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Slavick v. Colotario

United States District Court, D. Hawaii

September 24, 2018

CHRIS SLAVICK, #A0765881, Plaintiff,
SHAWN COLOTARIO, et al, Defendants.


          Derrick K. Watson, United States District Judge.

         Before the court is pro se Plaintiff Chris Slavick's prisoner civil rights Complaint. ECF No. 1. Slavick, who is incarcerated at the Halawa Correctional Facility (HCF), alleges that HCF and Oahu Community Correctional Center (OCCC) staff violated his state and federal rights in May and June 2018.[1]

         For the following reasons, the Complaint is DISMISSED with leave granted to amend. See 28 U.S.C. §§ 1915(e) and l9l5A(a).


         The court is required to conduct a pre-Answer screening of all prisoners' pleadings pursuant to 28 U.S.C. §§ 1915(e)(2) and l9l5A(a). The court must dismiss a claim or complaint that is frivolous, malicious, fails to state a claim for relief, or seeks damages from defendants who are immune from suit. See Lopez v. Smith, 203 F.3d 1122, 1126-27 (9th Cir. 2000) (en banc); Rhodes v. Robinson, 621 F.3d 1002, 1004 (9th Cir. 2010).

         Screening under §§ 1915(e)(2) and l9l5A(b) involves the same standard of review as that used under Federal Rule of Civil Procedure 12(b)(6). Watison v. Carter, 668 F.3d 1108, 1112 (9th Cir. 2012) (screening under § 1915(e)(2)); see also Wilhelm v. Rotman, 680 F.3d 1113, 1121 (9th Cir. 2012) (screening under § 1915A). Under Rule 12(b)(6), a complaint must "contain sufficient factual matter, accepted as true, to state a claim to relief that is plausible on its face." Ashcroft v. Iqbal, 556 U.S. 662, 678 (2009) (internal quotation marks omitted). "Threadbare recitals of the elements of a cause of action, supported by mere conclusory statements, do not suffice." Id. The "mere possibility of misconduct" or an "unadorned, the defendant-unlawfully-harmed me accusation" falls short of meeting this plausibility standard. Id. at 678-79; see also Moss v. U.S. Secret Serv., 572 F.3d 962, 969 (9th Cir. 2009).

         Pro se litigants' pleadings must be liberally construed and all doubts should be resolved in their favor. Hebbe v. Pliler, 627 F.3d 338, 342 (9th Cir. 2010) (citations omitted). Leave to amend must be granted if it appears the plaintiff can correct the defects in the complaint. Lopez, 203 F.3d at 1130.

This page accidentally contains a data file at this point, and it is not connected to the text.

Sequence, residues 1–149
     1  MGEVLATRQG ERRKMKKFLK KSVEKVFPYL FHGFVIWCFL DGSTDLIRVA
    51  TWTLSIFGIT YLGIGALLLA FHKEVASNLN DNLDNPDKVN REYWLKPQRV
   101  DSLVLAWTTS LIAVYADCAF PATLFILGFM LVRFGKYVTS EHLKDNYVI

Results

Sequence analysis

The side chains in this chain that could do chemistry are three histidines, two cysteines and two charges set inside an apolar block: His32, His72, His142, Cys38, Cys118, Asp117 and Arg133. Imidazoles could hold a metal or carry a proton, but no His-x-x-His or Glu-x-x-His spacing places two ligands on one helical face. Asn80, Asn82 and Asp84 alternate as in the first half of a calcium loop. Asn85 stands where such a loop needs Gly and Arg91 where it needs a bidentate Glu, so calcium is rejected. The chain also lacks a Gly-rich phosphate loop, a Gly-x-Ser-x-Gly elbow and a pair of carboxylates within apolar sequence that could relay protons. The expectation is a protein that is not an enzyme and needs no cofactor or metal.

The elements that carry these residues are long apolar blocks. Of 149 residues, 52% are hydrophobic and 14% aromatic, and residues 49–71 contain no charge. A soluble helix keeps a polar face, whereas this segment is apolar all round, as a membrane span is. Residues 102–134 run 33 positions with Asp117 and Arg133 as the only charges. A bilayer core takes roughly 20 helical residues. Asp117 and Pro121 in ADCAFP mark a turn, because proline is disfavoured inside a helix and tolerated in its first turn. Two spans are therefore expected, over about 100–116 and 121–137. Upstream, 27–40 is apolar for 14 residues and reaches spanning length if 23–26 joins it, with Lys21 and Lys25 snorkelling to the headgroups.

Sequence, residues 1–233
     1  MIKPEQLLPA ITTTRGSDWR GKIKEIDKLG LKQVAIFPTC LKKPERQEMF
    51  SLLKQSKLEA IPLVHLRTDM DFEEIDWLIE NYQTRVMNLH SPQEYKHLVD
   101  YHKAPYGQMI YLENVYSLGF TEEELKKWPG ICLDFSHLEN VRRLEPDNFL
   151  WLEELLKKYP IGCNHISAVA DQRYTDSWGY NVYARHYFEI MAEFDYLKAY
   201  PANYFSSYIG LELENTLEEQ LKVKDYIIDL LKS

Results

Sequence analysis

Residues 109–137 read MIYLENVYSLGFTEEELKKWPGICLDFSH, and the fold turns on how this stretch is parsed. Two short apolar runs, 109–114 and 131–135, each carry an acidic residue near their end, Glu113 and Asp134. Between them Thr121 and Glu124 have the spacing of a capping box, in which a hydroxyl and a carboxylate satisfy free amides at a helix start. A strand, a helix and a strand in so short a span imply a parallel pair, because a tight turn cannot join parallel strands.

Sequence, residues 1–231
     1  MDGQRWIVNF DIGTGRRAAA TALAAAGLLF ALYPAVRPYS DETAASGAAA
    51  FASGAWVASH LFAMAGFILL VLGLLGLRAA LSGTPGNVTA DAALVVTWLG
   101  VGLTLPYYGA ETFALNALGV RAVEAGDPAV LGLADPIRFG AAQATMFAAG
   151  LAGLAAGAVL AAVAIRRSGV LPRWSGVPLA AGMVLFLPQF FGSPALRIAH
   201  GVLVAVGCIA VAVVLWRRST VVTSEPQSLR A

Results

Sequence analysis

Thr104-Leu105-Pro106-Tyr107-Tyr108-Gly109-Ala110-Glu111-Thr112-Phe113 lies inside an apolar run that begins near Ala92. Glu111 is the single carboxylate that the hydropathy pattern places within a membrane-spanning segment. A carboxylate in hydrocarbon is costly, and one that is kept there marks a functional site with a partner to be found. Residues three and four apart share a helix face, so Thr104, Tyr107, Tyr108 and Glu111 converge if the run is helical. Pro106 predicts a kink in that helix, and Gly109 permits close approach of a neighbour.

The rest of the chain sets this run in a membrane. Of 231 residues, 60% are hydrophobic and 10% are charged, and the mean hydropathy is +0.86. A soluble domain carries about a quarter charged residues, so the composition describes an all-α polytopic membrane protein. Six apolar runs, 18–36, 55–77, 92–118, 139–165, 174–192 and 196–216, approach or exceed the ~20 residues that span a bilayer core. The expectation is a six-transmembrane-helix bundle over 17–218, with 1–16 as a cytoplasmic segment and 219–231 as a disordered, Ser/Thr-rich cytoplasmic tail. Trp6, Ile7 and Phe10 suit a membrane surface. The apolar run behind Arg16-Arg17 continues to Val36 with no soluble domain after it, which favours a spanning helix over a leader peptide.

II. BACKGROUND[2]

         Slavick's factual assertions are strewn throughout the Complaint in no discernible order and his claims are asserted in a hyperbolic, conclusory fashion. Below is a chronological summary of the court's best understanding of Slavick relevant facts and claims.

         Slavick alleges that, on May 10, 2018, Defendants Colotario, Lopez, and Murray "targeted" his serious physical injuries when they confiscated his ankle brace, cane, and wrist support before he was transported to the state court. See Compl., ECF No. 1, PagelD #7 (Count I). He complains that there were violent inmates and gang members in the transport van and state court holding cell, whom he alleges were a serious threat to his safety.

         When Slavick returned to HCF, he alleges Colotario, Lopez, and Murray falsely accused him of obstruction, lying, and escape to cover up their allegedly improper confiscation of his medical supports. He claims they did this to enable Defendants Warden Harrington and Captain Paleka to confiscate his legal papers when he was placed in solitary segregation based on these charges. See id., Pageld #8 (Count II).

         Slavick says Colotario, Lopez, and Harrington allowed him to keep 1/3 of his legal papers in his cell and kept the other 2/3's in storage. Slavick could exchange his papers for an equal quantity held in storage, but says they were consistently returned to him in disarray. See id., PagelD #9-10 (Count III). Slavick complains that there was no desk or table in segregation, forcing him to prepare his legal work in an uncomfortable, upright position on the bed, which allegedly interfered with his ability to timely complete his legal work. Id.

         On May 18, 2018, Defendant Uedoi was the disciplinary hearing officer regarding Slavick's May 10, 2018 charges. See id., PagelD #15-16 (Count V). Slavick claims Uedoi refused to provide him with the written charges against him, denied that she had served on a previous, two-person committee against him before, and abruptly concluded the hearing and left when he challenged her. Uedoi says she found Slavick guilty of the charges; Slavick says he was released (on May 24, 2018), because the disciplinary hearing was not held within fifteen days of the charges. Slavick alleges Uedoi violated prison rules and his right to due process.

         Slavick alleges that Defendant Kaplan failed to tell him that his attorney had scheduled a visit on June 4, 2018. Slavick also states, however, that his attorney never came to the prison. Slavick attended a state court hearing on June 5, 2018, presumably with his attorney. See id., PagelD #13 (Count IV).

         Slavick says Defendant Lorico threatened to take his cane away for the transport to the June 5, 2018 state court hearing, but it is not clear whether Lorico actually confiscated the cane. Id. Lorico apparently wrote Slavick up for arguing, however, as Slavick says he served an additional fourteen days in solitary confinement for these allegedly "false" charges. Slavick alleges Kaplan, Lorico, and Defendant Aguon criminally conspired to violate his rights.